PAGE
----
Mostrando recursos 21 - 40 de 66,702

  1. Eliciting Euphoria Online: The Aesthetics of “ASMR” Video Culture

    Rob Gallagher
    “Autonomous Sensory Meridian Response” (ASMR) is a term that has emerged online to describe a mysterious tingling sensation that some people experience in response to particular audiovisual and interpersonal “triggers.” Initially coalescing via discussion threads on health forums, ASMR culture quickly began using platforms like YouTube and Reddit to exchange trigger videos. This paper frames the emergence of ASMR video culture as an example of how bodies and algorithms are conspiring to bring into being new cultural forms that can seem literally inexplicable on first encounter. Treating videos as “inputs,” judged not as messages to be understood or interpreted but...

  2. El lèxic d’origen germànic en el llatí medieval de Catalunya

    Jaime Moya, Joan Maria
    El nostre treball, que està inserit dins del projecte del Glossarium Mediae Latinitatis Cataloniae (GMLC), compartit per la Universitat de Barcelona i el Consell Superior d'Investigacions Científiques, ha consistit a elaborar un estudi etimològic del lèxic d'origen germànic que apareix en el llatí medieval de Catalunya. Concretament, s'han estudiat els termes d'origen germànic (gòtic i fràncic) que van penetrar com a substrat en el llatí altmedieval de Catalunya, des de l'antiguitat tardana fins al tombant del segle XII. Els termes germànics suara esmentats, que es troben inclosos en textos diplomàtics, han estat identificats i extrets del corpus documental del GMLC i,...

  3. Admixture into and within sub-Saharan Africa

    Busby, George BJ; Band, Gavin; Si Le, Quang; Jallow, Muminatou; Bougama, Edith; Mangano, Valentina D; Amenga-Etego, Lucas N; Enimil, Anthony; Apinjoh, Tobias; Ndila, Carolyne M; Manjurano, Alphaxard; Nyirongo, Vysaul; Doumba, Ogobara; Rockett, Kirk A; Kwiatkowski, Dominic P; Spencer, Chris CA;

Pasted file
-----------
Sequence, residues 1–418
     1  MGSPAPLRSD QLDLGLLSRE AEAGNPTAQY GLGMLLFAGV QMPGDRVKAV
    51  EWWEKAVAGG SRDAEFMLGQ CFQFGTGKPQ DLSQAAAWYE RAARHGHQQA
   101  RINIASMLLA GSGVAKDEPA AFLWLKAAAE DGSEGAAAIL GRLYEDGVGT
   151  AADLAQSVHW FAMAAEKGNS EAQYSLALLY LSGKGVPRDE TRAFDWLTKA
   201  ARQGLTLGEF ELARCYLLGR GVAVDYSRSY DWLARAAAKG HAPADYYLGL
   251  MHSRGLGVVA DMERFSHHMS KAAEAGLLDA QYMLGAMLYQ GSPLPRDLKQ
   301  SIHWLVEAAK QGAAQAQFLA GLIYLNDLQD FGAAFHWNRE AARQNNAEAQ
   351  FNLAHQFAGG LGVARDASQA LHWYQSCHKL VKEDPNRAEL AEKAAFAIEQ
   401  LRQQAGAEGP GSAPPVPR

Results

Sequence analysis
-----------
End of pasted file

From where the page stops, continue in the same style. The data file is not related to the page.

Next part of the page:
Similarity between two individuals in the combination of genetic markers along their chromosomes indicates shared ancestry and can be used to identify historical connections between different population groups due to admixture. We use a genome-wide, haplotype-based, analysis to characterise the structure of genetic diversity and gene-flow in a collection of 48 sub-Saharan African groups. We show that coastal populations experienced an influx of Eurasian haplotypes over the last 7000 years, and that Eastern and Southern Niger-Congo speaking groups share ancestry with Central West Africans as a result of recent population expansions. In fact, most sub-Saharan populations share ancestry with groups...

  4. Exploring cultural and linguistic influences on clinical communication skills: a qualitative study of International Medical Graduates

    Verma, Anju; Griffin, Ann; Dacre, Jane; Elder, Andrew

  5. Linguistic Validation of the Turkish Version of the M.D. Anderson Symptom Inventory - Head and Neck Cancer Module

    Brandon Gunn, G.; Atalar, Banu; Mendoza, Tito R.; Cleeland, Charles S.; Selek, Uğur; Özyar, Enis; Rosenthal, David I.

  6. Palliative and End-of-Life Care in Newfoundland’s Deaf Community

    Maddalena, Victor; O’Shea, Fiona; Murphy, Myles